While first-time visitors may baulk at the prospect of street confrontation and snarled traffic, seasoned travellers to the city will find it chugging on briskly insouciant with some notable differences – you can actually find seats at popular restaurants, taxis are fawningly available, and special offers on drinks flow thick and fast.
Weekdays tend to be more routine with protests mounted on weekends. Mornings and afternoons are usually better than evenings. And if you spot gas masks and yellow helmets (usually the best indicators of trouble to follow), take your holidaying elsewhere in the city. Car-mad Singaporeans and Thais will moan but Hong Kong is hugely pedestrian-friendly and it is easy to cover the distance say from Causeway Bay to Central on foot, taking in sights and shopping along the way.
Bear in mind that the Hong Kong clashes are not quite in the head-breaking league of far more violent confrontations in places like Seoul, Paris, New York, Bangkok or New Delhi. This is no matter for rejoicing of course but it places events in perspective, especially with exaggerated and doctored online reports that forced Twitter and Facebook to take action against bogus accounts.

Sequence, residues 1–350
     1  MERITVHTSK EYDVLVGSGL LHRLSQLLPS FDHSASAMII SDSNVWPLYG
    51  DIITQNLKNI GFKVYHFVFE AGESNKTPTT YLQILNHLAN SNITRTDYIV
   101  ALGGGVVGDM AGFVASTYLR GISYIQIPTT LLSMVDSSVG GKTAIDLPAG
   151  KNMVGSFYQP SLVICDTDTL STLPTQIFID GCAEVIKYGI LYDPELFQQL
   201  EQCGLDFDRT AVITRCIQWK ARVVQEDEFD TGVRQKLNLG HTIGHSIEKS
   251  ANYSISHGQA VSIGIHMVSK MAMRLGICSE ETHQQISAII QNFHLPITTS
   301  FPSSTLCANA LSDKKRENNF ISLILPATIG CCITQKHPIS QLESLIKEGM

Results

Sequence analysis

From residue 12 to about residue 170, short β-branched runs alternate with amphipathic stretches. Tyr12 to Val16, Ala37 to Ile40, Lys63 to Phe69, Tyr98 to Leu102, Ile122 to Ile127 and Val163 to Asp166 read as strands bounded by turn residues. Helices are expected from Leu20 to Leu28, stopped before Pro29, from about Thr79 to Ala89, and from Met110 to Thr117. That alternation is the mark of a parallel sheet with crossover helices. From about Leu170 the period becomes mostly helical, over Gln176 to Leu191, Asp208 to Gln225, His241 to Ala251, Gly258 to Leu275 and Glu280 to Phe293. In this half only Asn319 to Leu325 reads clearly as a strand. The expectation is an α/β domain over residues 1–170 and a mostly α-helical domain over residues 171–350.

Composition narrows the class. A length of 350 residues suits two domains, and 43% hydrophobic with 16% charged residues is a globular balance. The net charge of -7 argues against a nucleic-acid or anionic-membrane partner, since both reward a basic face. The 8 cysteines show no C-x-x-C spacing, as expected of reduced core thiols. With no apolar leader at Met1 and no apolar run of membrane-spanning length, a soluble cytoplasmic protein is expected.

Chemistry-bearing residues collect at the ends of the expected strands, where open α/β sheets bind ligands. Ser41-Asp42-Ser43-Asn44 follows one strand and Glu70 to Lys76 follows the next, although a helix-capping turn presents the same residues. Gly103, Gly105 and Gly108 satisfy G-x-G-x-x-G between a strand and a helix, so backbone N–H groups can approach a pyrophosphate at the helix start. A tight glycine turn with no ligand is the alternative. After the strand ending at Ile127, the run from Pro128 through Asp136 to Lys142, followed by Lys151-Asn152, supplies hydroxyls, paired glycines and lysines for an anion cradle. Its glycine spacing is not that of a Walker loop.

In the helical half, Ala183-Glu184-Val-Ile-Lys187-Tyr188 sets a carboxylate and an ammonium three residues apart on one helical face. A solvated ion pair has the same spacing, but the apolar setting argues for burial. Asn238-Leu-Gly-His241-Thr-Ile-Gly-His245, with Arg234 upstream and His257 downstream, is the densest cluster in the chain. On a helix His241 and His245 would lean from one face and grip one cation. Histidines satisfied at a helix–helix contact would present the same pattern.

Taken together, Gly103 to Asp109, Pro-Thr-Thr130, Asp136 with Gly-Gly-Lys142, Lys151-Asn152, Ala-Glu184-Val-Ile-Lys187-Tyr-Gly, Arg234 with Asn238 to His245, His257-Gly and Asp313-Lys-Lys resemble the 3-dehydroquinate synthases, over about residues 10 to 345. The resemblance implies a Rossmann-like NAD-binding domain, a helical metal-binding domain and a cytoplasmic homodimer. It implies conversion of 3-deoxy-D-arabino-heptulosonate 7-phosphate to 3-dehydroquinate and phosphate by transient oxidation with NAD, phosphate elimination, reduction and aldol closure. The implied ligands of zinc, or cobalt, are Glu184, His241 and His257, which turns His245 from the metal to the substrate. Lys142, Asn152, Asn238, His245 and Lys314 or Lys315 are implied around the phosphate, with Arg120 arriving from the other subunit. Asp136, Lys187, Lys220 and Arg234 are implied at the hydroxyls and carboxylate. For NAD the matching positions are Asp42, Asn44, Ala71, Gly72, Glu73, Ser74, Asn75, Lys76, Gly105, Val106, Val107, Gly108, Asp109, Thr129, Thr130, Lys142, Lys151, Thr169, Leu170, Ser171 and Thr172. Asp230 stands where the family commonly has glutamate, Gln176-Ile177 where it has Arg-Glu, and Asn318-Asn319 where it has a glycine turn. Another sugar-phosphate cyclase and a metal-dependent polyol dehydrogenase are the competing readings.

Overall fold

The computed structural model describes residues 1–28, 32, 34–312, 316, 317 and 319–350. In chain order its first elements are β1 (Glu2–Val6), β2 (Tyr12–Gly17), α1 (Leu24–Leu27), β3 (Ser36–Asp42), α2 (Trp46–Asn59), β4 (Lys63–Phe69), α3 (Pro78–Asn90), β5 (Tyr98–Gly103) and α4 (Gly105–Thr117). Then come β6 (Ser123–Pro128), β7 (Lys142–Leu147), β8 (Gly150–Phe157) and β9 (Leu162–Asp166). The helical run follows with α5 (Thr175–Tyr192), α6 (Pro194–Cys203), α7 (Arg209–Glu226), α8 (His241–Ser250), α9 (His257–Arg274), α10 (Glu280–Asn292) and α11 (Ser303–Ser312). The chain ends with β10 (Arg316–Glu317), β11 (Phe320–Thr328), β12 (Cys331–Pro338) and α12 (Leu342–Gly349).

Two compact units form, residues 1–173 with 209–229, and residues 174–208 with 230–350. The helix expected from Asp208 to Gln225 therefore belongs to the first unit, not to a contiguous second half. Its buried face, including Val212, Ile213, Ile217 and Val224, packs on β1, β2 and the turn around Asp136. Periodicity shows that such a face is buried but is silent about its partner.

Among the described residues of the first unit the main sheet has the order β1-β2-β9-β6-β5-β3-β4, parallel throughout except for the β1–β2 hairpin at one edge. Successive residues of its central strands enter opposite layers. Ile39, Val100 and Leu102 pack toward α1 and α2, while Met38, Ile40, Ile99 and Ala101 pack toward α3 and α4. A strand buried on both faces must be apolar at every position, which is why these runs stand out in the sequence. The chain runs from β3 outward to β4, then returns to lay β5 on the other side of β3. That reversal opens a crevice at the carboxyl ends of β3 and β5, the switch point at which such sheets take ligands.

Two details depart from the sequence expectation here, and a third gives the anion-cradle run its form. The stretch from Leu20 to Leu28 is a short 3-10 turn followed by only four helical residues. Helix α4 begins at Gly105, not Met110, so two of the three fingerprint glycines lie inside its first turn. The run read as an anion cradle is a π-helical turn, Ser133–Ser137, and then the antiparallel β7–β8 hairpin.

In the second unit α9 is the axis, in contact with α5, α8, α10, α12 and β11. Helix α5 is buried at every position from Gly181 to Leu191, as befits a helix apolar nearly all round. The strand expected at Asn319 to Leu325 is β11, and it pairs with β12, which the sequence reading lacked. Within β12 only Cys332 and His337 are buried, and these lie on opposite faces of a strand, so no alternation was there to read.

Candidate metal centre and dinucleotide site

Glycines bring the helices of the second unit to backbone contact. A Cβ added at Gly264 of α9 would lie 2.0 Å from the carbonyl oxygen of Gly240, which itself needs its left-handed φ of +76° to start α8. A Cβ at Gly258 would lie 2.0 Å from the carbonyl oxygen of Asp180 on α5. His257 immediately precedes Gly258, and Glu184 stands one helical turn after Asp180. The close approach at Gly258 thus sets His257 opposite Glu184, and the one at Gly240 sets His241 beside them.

State advisories thus far have not proscribed travel to the territory but suggest “increased caution”. Some offer a fair amount of detail on potential flashpoints along with sober advice to avoid demonstrations. The Maltese government advises its nationals to steer clear of protests but points out, “In terms of safety, crime levels are very low in Hong Kong”.
South Korea cautions its nationals not to film protestors as this could be seen as provocative, while the Japanese are explicitly exhorted to avoid Yuen Long, Tuen Mun, and Tsuen Wan (in the New Territories) where “indiscriminate attacks” could take place, a reference to earlier triad assaults on protestors. Preferring a surfeit of caution, Singapore has asked its nationals to defer non-essential travel to Hong Kong and university exchange programmes have been shelved.
In a recent two-week survey of frequent flyers by SmartTravelAsia.com as many as 23.1% of the respondents said they still planned to travel to Hong Kong while 7.7% said they would visit “depending on the situation”. As many as 61.5% said they had no plans to travel to the territory at this time and just one air passenger had cancelled a trip. Evidence suggests that opinions are changing fast and patience is running out. Said one letter, “It is crazy to target the airport. When you disrupt travellers you lose their sympathy. I for one will never come through HK again for quite a while.”
The business climate in Hong Kong remains grim but for those keen on a deal, there has never been a better time to travel to one of the most expensive cities in the world. Tourists are never the target of political rage though they are sometimes collateral in the fallout.
While SARS and sweaty chickens were a definite no-no, the current overly exuberant discourse is not infectious. Travel smart. Travel safe.